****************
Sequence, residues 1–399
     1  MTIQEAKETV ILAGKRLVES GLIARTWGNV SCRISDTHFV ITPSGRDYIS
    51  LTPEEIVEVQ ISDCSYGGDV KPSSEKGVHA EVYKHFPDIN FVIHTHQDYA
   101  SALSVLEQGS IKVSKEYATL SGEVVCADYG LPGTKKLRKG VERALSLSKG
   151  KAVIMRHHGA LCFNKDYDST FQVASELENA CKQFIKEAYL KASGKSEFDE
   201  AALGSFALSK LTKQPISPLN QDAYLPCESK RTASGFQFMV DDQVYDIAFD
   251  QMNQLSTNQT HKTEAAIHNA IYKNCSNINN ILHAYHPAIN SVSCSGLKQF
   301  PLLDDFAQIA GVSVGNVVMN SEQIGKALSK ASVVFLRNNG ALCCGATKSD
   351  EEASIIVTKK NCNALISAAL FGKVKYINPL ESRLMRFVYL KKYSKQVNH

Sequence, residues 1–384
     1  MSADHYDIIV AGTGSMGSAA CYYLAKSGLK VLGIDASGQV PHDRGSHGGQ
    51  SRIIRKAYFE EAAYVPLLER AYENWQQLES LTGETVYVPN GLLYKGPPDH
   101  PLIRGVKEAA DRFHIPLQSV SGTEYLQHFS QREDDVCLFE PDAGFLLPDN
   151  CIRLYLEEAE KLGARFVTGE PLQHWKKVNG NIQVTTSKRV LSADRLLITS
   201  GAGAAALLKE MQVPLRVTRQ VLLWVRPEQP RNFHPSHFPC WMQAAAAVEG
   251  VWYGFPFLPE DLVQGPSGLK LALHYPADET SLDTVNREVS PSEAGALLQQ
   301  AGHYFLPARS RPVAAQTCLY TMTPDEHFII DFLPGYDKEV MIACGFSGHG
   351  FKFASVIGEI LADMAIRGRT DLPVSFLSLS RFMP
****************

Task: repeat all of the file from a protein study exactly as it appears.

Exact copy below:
Sequence, residues 1–399
     1  MTIQEAKETV ILAGKRLVES GLIARTWGNV SCRISDTHFV ITPSGRDYIS
    51  LTPEEIVEVQ ISDCSYGGDV KPSSEKGVHA EVYKHFPDIN FVIHTHQDYA
   101  SALSVLEQGS IKVSKEYATL SGEVVCADYG LPGTKKLRKG VERALSLSKG
   151  KAVIMRHHGA LCFNKDYDST FQVASELENA CKQFIKEAYL KASGKSEFDE
   201  AALGSFALSK LTKQPISPLN QDAYLPCESK RTASGFQFMV DDQVYDIAFD
   251  QMNQLSTNQT HKTEAAIHNA IYKNCSNINN ILHAYHPAIN SVSCSGLKQF
   301  PLLDDFAQIA GVSVGNVVMN SEQIGKALSK ASVVFLRNNG ALCCGATKSD
   351  EEASIIVTKK NCNALISAAL FGKVKYINPL ESRLMRFVYL KKYSKQVNH

Sequence, residues 1–384
     1  MSADHYDIIV AGTGSMGSAA CYYLAKSGLK VLGIDASGQV PHDRGSHGGQ
    51  SRIIRKAYFE EAAYVPLLER AYENWQQLES LTGETVYVPN GLLYKGPPDH
   101  PLIRGVKEAA DRFHIPLQSV SGTEYLQHFS QREDDVCLFE PDAGFLLPDN
   151  CIRLYLEEAE KLGARFVTGE PLQHWKKVNG NIQVTTSKRV LSADRLLITS
   201  GAGAAALLKE MQVPLRVTRQ VLLWVRPEQP RNFHPSHFPC WMQAAAAVEG
   251  VWYGFPFLPE DLVQGPSGLK LALHYPADET SLDTVNREVS PSEAGALLQQ
   301  AGHYFLPARS RPVAAQTCLY TMTPDEHFII DFLPGYDKEV MIACGFSGHG
   351  FKFASVIGEI LADMAIRGRT DLPVSFLSLS RFMP